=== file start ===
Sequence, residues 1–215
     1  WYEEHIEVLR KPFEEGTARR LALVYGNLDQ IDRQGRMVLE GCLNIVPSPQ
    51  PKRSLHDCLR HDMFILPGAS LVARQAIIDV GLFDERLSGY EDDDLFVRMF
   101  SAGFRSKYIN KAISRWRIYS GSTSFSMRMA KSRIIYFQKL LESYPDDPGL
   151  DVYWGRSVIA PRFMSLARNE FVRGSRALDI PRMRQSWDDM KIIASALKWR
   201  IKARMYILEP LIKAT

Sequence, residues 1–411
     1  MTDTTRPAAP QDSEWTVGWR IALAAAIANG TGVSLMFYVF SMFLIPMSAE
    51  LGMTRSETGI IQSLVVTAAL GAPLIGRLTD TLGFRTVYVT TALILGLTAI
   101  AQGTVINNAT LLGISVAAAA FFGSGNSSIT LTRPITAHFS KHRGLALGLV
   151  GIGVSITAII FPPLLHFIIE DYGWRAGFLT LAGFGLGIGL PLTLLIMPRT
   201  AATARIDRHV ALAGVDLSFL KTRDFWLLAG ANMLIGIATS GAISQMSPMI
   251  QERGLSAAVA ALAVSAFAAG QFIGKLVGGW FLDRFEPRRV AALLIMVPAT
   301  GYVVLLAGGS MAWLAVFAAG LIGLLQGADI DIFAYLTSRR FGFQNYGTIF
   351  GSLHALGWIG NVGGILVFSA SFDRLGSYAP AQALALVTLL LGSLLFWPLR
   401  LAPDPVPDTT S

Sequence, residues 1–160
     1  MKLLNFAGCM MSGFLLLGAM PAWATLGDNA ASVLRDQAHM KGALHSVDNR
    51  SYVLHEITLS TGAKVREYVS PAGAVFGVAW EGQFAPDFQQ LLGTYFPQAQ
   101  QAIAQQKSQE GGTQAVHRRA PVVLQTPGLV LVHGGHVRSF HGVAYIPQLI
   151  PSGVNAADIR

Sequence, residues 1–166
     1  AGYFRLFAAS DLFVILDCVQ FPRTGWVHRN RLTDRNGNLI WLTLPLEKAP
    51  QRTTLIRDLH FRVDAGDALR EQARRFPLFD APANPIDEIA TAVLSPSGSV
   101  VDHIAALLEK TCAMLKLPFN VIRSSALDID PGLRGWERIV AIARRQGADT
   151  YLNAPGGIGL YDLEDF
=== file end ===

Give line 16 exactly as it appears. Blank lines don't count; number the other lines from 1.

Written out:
   401  LAPDPVPDTT S